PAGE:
The test result “normal” range often listed on the test report is very broad. For example, test reports from our local lab list the premenopausal normal range for women as 17-94 nM BCE/mM creatinine and the postmenopausal range as 26-124 nM BCE/mM creatinine. The male range is 3-51. These ranges are far too wide to be useful.

Ideally, a woman would like to have an NTx level near that of the average premenopausal woman, which in the urine is around 35, but levels often soar into the 60’s to 80’s or higher in and around menopause. For adult men, the mean NTx is 27, which is a more ideal value than the higher numbers. Also, these markers can get very high in rare diseases such as Paget’s Disease and bone cancer. These situations are unusual and understood by a knowledgeable physician familiar with bone resorption testing.

At the Center for Better Bones, we use the NTx urine test from Osteomark to judge the success of our bone building program. We look to bring the urine NTx level down to the 40’s, which in most cases indicates that bone breakdown has normalized. There are some cases, however, where bone breakdown is very low, but bone build-up is even lower. This condition, known as “low turnover osteoporosis,” is detected when a person has a low NTx, but is still losing significant bone (5-6%) as seen on bone density testing.

N-telopeptides crosslinks (NTx) serum marker of bone resorption test results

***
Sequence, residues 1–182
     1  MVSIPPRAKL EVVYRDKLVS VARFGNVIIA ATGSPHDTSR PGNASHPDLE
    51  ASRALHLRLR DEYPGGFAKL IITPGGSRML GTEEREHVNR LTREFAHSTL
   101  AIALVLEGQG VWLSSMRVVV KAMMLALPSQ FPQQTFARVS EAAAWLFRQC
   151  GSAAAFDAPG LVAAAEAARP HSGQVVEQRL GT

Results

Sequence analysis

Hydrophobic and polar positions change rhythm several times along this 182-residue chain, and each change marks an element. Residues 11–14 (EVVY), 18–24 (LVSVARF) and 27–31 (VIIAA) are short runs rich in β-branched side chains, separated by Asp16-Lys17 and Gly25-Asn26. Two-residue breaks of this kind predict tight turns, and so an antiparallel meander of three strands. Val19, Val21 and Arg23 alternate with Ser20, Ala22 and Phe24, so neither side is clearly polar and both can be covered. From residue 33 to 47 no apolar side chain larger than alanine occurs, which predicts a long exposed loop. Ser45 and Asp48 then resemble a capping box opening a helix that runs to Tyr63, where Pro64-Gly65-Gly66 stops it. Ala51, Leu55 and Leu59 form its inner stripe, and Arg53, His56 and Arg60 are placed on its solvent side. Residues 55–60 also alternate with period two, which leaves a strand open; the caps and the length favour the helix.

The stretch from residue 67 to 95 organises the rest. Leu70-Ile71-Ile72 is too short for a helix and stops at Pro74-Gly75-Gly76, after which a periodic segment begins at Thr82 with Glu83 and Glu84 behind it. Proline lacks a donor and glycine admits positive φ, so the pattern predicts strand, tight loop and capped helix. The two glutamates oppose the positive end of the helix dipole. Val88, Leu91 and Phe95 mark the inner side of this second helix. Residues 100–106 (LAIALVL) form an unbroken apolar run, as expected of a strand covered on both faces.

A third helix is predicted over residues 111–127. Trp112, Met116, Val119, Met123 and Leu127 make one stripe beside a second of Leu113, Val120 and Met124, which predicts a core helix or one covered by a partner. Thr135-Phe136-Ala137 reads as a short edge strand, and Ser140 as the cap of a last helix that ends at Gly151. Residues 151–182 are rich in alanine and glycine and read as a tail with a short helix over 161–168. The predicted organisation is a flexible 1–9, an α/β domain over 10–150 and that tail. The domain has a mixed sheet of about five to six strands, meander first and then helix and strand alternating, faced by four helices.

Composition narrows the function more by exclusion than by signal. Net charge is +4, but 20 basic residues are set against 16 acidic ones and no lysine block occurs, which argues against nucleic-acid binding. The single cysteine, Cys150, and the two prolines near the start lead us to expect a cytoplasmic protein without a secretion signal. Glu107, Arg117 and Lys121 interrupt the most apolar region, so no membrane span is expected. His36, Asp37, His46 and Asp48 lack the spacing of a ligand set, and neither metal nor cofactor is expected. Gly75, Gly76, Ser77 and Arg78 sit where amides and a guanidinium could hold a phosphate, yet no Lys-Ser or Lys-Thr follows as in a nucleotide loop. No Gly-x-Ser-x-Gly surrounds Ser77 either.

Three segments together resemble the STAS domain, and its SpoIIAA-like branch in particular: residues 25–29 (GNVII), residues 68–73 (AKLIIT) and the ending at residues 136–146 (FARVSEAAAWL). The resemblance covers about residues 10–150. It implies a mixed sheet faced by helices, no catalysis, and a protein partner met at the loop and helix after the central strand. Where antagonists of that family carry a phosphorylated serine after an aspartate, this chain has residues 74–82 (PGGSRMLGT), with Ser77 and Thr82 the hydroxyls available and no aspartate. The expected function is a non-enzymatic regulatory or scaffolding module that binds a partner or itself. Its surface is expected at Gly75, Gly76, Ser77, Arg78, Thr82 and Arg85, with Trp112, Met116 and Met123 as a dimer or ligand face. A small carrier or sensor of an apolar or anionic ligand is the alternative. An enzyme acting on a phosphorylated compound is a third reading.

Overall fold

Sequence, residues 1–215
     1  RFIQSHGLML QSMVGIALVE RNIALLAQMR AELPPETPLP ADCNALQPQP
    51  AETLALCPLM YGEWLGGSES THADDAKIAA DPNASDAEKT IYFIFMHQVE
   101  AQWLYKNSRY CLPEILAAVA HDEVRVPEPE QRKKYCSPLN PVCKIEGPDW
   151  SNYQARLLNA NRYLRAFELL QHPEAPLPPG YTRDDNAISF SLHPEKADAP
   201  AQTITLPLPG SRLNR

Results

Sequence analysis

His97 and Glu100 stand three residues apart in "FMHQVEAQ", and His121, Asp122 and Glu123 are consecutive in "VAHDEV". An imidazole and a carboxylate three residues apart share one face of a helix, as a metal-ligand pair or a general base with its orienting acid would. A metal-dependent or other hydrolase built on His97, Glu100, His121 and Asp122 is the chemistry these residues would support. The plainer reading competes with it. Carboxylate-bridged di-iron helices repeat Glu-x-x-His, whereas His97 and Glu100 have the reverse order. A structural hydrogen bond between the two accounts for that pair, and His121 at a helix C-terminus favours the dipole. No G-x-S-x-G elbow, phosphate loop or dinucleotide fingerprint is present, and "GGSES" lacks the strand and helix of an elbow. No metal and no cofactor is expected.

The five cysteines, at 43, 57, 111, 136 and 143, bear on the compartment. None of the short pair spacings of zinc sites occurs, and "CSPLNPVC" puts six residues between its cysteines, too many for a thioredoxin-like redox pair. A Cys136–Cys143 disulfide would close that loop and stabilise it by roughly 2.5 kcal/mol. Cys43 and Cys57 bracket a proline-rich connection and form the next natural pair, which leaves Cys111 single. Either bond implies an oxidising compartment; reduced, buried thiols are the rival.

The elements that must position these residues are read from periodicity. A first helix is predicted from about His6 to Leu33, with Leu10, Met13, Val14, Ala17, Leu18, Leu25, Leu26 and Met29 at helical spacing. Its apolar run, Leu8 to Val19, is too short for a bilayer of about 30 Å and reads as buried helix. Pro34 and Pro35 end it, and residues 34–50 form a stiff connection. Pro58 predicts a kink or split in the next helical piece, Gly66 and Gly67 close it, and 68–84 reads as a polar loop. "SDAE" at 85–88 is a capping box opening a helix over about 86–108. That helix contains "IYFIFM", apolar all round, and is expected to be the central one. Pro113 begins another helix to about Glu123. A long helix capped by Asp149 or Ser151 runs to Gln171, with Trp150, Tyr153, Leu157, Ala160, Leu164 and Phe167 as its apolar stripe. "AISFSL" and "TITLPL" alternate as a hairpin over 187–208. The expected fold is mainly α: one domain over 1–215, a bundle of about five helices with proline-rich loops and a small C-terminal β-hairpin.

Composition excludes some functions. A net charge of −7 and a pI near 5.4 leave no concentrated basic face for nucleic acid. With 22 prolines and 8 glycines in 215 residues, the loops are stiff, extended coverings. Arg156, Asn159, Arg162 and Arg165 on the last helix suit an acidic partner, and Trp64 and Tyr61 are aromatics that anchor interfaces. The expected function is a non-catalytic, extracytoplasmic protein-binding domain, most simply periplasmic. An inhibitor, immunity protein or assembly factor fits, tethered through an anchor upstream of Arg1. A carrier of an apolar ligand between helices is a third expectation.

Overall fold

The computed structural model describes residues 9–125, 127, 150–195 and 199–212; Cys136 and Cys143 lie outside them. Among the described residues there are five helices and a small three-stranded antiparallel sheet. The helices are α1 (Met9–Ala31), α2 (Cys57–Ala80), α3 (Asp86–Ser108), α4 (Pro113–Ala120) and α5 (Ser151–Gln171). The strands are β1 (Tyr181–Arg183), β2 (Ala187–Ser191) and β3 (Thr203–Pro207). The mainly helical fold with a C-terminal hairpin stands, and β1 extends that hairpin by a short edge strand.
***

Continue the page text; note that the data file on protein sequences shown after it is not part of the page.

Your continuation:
The NTx bone-breakdown marker can also be measured in the blood. The female range listed by the manufacturer is 6.2-19.0 nM BCE/L, with a mean of 12.6. The male range is often listed as 5.4-24.2 nM BCE/L, with a mean of 14.8. Again, this range is too wide to be useful for us at the Center for Better Bones. We strive for a result of 12 or somewhat lower in women, and 14 or somewhat lower in men.

Dpd urine marker of bone resorption test (deoxypyridinium crosslinks test) results

This bone resorption test also lists a broad range of normal values — for women, 3.0 to 7.4 nM/mM and for men 2.3 to 5.4 nM/mM. Clinically, adult women should strive for a Dpd test score in the 4’s, and in men an ideal level would likely be somewhat lower.

Vertebral deformity assessment results

This test images the vertebral bodies of the spine by x-ray technique and is read by a specially trained radiologist. The radiologist will give a full report of what he or she sees for each vertebral body, reporting any abnormalities, deformities, or fractures.